Home > A CAD Dinosaur's Journey into Modern Times, AutoCAD, Workstations > A CAD Dinosaur’s Journey, Part 6: Take Me to Your Mleader!

A CAD Dinosaur’s Journey, Part 6: Take Me to Your Mleader!

Editor’s Note: Welcome to Cadalyst’s blog series by Patrick Hughes, A CAD Dinosaur’s Journey into Modern Times. In this three-month series, Hughes chronicles his transition from AutoCAD R14 to v2015 and from an outdated PC to a state-of-the-art professional workstation. Follow along and enjoy!

In my last post I discussed Mleaders. I’ll make good use of them, but to my dismay I’ve run into a little stumbling block. Nothing insurmountable mind you, but forewarned is forearmed as they say. Perhaps my problems started when I first established my standards. Rather than load my drawings with custom styles, I simply modified the Standard styles. I set my standard dimensions to display dimension and extension lines to one color and dimension text to another color. These standards applied to leaders as well.

It became complicated when I began to work with the thousands of legacy drawings I’ve accumulated over the years. Now when I work in a legacy drawing and execute Mleader, the resulting object doesn’t conform to my standard. And, yes, I have updated Mleader’s standard style in my template files. This should solve it, right? Unfortunately, it proved cumbersome getting the revised standard style into the working drawing.

An Eon Ago

Long ago I wrote a simple AutoLISP routine, Reset, that resets all system variables and other working environments back to a known state. This is handy if a macro or other tool cancels a command and doesn’t reset certain sysvars and settings such as running OSnaps, UCSIcon display, Pickbox size, and the like. When AutoCAD added the Dimassoc variable, I solved the problem by adding that to my Reset command. Things were different with the MLeader standard style because that object type was not in my legacy drawings resulting in a variable search being none. Furthermore, there isn’t a command line alternative to the MLeader Style Manager.

One of AutoCAD’s shining strengths is numerous ways you can automate tasks, including its simplest form, the Script command. Before going in that direction, I tried the Action Recorder (introduced in AutoCAD 2009) that would hopefully allow a one-click solution. Unfortunately, the input into the Mleader Style Manager failed to be recorded — the recording merely displayed the dialog box and did not record my interactions within the dialog box. While this was disappointing, I do see some potential with the Action Recorder.

I also tried Design Center, another new tool, but that also proved fruitless.

Batch processing to the rescue!

Batch Processing

I chose batch processing to overcome my dilemma. I briefly looked into using ScriptPro, however ScriptPro would have to open and close an AutoCAD session for each drawing. That would not be good. There may be a solution available in the Autodesk App Store, but I grabbed my own CadTempo batch processor that I’ve wanted to put to the test. Again, I felt it was going to be problematic to import the Standard Mleader style.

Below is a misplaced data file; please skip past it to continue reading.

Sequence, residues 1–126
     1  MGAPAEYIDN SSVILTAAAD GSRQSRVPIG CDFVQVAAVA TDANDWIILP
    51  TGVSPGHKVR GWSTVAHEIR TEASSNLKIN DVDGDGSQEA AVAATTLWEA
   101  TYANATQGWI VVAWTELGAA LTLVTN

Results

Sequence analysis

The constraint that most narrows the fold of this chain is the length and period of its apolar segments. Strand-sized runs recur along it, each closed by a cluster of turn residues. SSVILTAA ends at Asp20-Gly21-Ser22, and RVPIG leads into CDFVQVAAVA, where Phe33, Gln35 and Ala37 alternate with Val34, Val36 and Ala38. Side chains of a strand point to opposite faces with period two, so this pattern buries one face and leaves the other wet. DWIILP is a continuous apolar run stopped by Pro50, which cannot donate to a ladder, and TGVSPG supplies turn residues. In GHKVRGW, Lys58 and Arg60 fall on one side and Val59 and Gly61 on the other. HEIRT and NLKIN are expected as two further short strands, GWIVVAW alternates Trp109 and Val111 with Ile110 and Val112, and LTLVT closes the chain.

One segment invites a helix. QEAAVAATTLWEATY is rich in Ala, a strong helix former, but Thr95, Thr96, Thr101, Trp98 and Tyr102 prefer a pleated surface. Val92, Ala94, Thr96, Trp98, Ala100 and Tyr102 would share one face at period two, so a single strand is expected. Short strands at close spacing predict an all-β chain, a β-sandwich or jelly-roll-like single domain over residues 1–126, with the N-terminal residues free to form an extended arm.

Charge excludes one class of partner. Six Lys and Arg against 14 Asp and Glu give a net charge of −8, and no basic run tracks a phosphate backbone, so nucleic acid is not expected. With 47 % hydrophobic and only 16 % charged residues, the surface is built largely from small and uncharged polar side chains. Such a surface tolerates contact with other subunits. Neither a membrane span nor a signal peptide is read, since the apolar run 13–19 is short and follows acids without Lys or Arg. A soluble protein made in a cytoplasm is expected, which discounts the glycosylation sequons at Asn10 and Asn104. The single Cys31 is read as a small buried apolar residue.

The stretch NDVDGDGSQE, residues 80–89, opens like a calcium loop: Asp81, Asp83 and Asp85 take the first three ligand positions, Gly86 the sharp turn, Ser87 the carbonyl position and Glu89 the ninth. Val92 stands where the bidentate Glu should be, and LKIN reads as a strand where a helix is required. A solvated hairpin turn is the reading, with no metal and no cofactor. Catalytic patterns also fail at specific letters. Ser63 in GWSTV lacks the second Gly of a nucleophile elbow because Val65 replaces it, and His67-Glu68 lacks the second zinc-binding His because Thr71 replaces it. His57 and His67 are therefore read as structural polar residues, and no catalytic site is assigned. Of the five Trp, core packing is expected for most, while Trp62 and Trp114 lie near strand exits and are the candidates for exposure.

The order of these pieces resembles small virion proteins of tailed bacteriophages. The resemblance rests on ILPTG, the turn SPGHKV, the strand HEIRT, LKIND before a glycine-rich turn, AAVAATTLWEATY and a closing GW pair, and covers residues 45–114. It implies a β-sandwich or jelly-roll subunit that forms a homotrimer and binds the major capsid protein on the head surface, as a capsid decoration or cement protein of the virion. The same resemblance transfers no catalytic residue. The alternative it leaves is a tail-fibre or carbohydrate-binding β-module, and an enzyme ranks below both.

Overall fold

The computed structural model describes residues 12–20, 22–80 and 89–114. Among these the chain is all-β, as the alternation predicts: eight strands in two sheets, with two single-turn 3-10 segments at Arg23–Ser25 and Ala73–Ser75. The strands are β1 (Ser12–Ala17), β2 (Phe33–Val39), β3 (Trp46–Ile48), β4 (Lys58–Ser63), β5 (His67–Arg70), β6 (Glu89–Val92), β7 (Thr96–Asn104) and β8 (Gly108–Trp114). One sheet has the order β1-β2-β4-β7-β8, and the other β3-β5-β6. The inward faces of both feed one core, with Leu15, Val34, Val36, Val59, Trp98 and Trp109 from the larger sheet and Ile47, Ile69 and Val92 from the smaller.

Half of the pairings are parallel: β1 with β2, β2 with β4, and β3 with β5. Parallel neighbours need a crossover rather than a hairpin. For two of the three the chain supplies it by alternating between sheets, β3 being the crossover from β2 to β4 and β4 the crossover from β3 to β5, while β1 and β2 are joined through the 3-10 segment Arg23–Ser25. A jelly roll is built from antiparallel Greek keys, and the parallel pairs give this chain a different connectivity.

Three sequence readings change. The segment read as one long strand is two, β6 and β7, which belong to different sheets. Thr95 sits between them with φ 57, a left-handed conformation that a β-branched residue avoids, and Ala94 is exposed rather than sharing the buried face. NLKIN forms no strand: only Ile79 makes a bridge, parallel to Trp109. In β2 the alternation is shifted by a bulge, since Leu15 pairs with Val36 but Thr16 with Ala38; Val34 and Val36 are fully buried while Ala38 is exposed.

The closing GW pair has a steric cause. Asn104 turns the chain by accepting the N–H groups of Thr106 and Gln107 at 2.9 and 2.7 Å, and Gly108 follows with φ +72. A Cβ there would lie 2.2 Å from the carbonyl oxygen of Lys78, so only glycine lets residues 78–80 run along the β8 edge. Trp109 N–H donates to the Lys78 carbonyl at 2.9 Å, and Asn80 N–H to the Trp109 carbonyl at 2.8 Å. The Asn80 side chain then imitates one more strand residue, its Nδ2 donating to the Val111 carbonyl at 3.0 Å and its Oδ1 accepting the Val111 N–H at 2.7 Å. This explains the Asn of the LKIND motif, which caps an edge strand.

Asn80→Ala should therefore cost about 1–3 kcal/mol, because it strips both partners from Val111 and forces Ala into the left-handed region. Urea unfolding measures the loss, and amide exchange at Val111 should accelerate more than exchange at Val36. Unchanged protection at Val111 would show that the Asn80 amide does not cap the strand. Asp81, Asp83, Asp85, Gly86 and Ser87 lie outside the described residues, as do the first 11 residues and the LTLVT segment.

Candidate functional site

Many years ago, a chief engineer I worked for advised me on a problem solving technique that I’ve put to the test on many occasions. Essentially it involves inverting an unsuccessful attempt at a solution. In philosophical terms, if you cannot bring Mohammad to the mountain, bring the mountain to Mohammad. In dinosaur speak it goes something like: Grrr gnash gnash, Riiip, tear… Rwar.

So, I created a script template that issued the following command sequence:

New

acad

-Insert

Filename

0,0,0

1

1

0

Zoom

All

Explode

Last

-Wblock

Filename

Y

*

close

y

My first attempt replaced the FileName with the selected drawing names and then created final scripts with all the files to be processed. Unfortunately, the resulting drawings didn’t contain the correct Mleader style. I revised using a SaveAs sequence. The resulting script template is as follows:

New

acad

-Insert

Filename

0,0,0

1

1

0

Zoom

All

Explode

Last

SaveAs

2013

Filename

Y

Close

Finally, success!

Rawrrr!

In closing, AutoCAD offers an enormous amount of customization in how you work with the software, as well as how your drawing appears both on screen and plotted. You can’t expect a dinosaur with a brain the size of a walnut to see millions of years into the future and make the right decisions. But if he chooses badly, there thankfully is always a good workaround.

_________________

About the author: Patrick Hughes, machine designer and owner of Engineered Design Solutions in Rockford, Illinois, has worked with AutoCAD since 1991. He has developed a number of AutoLISP and other software solutions to automate his workflow and increase productivity, including the commercially available time tracking program, CadTempo.

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